Based at the University Hospitals of Leicester, we serve the educational needs of healthcare practitioners in Acute & Emergency Medicine across the East Midlands, UK
EM Curriculum: (click to view)
Child abuse is a serious problem but can be difficult to detect. Children who sustain injuries due to abuse are likely to present at an Emergency Department. The incidence of abuse presenting to EDs has been reported to be as high as 10%, however the detection rate has been reported to be a mere 0.1% . It is vital that as emergency physicians we consider abuse as a cause of a number of presentations presenting to the ED.
Approximately 2 million children present to an Emergency Department every year in the UK due to injury . Obviously there is potentially a large cohort of abused children within that number and we need to consider non accidental injury in these patients, particularly in younger children. 80% of abused children with fractures are under 18 months of age, whereas 85% of accidental fractures occur in those over 5 years .
In 2011 Radford et al interviewed young adults and children aged 11-17 years. They found that 25.3% of young adults and 18.6% of 11-17 year olds had been severely maltreated in childhood.
22.9% of children aged 11-17 who were physically hurt by a parent of guardian did not tell anyone else about it, this figure rose to 34% of those who experienced contact sexual abuse by an adult and 82.7% of those experienced contact sexual abuse by a peer.
As emergency physicians we are highly likely to come across children experiencing abuse during our clinical practice. It is therefore vitally important that we know the signs and symptoms of different forms of child abuse and how these may present in our patients.
Louwers et al. Screening for child abuse at emergency department: a systematic review. Arch Dis Child 2010;95:214
Benger JR, Pearce V. Simple intervention to improve detection of child abuse in emergency departments. BMJ 2002;324:780
Understand the different forms of abuse that can occur in childhood.
Know the symptoms and signs of abuse and how they may present in children attending the Emergency Department.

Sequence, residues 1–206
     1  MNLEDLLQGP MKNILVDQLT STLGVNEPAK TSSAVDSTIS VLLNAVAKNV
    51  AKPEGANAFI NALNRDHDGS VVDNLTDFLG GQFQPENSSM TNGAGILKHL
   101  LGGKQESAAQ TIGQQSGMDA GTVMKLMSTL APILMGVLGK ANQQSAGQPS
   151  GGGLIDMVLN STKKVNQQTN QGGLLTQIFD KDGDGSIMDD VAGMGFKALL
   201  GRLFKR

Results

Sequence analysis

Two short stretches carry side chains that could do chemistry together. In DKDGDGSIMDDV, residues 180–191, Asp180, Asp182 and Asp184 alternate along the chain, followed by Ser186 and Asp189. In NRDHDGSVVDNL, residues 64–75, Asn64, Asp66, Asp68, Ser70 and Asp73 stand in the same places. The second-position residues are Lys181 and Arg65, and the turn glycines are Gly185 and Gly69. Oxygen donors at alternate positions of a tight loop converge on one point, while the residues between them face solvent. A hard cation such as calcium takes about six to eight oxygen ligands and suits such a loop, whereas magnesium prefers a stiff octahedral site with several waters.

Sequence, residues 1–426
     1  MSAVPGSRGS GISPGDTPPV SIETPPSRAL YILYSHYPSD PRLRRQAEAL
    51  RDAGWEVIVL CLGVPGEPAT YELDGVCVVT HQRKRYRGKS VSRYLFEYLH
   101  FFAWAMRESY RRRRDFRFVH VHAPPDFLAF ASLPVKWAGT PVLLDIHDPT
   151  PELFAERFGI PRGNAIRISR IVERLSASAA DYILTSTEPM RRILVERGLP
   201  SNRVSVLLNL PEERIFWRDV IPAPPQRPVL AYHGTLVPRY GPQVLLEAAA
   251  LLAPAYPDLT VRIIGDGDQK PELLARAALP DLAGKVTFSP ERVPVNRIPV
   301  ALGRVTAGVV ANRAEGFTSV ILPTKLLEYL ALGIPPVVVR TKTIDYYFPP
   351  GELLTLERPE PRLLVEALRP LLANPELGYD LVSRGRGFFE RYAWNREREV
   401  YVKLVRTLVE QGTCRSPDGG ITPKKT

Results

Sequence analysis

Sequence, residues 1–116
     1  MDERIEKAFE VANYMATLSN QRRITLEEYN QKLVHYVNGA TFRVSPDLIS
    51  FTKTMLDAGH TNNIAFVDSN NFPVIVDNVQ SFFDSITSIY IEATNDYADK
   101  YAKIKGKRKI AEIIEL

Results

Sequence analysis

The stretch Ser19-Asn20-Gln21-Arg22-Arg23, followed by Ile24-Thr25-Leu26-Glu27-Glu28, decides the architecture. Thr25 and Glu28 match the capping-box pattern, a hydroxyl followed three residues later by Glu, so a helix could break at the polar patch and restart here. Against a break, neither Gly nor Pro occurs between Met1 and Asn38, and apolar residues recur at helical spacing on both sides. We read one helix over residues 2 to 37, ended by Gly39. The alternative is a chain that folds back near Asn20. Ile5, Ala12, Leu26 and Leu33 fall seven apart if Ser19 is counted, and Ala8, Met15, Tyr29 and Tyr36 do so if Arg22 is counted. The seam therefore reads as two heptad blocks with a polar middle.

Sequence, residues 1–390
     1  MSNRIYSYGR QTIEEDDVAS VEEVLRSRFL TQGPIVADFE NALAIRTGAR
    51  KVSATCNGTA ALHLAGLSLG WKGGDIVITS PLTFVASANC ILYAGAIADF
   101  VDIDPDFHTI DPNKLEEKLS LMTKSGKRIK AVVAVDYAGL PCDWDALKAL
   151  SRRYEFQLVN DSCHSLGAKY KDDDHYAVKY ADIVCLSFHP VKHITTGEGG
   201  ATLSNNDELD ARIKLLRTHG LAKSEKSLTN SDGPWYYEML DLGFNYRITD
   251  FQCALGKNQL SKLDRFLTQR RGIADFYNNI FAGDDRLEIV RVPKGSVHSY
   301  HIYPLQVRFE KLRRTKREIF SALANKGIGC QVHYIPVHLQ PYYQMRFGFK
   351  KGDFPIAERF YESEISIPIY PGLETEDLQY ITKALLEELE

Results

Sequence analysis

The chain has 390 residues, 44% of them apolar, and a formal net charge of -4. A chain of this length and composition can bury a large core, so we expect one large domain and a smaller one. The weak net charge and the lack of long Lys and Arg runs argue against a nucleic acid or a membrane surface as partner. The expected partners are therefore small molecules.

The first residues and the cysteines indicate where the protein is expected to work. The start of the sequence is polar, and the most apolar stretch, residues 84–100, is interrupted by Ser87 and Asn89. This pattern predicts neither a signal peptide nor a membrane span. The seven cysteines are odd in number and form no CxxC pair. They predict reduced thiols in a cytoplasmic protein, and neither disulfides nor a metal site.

Recognise risk factors for abuse in children.
Document clinical findings, concerns and conversations with other parties in cases of suspected child maltreatment.
Have an understanding of the roles of non-healthcare agencies in safeguarding children.
Formulate a management plan for cases where safeguarding issues have been raised.
Share information appropriately with other agencies involved in safeguarding children.
Discuss safeguarding concerns with a child's carers where appropriate.
Now make sure you are familiarised with the following ED protocols related to chest pain, some of which have been developed in conjunction with NICE guidelines. Please use them on every relevant ED patient and seek senior ED advice if needed.
Duration: 5 mins
This short video summaries Dr Rowlands RCEM15 (Manchester) talk on learning from the death of a child.
These modules require access to the learning for health platform (this is free for those who work in the NHS)...
Duration: 3 hours
Duration: 8 mins
This video summarises some of the injury patterns and features that children may present with that are high risk fro NAI.
Here are some extra resources to review if you want more information:
A helpful review covering consent, capacity and parental responsibility.
This is a great website run by a group based at Cardiff University who systematically review world literature on the recognition and investigation of suspected child abuse/maltreatment.
This is a useful review article covering the assessment of different types of physical injuries that may be inflicted on children.
An interesting article and box 2 on page 7 highlights the probability of abuse from several fracture types.
Once you have worked through the exercises, discussed the example cases and attended the face-to-face teaching, please complete the following form: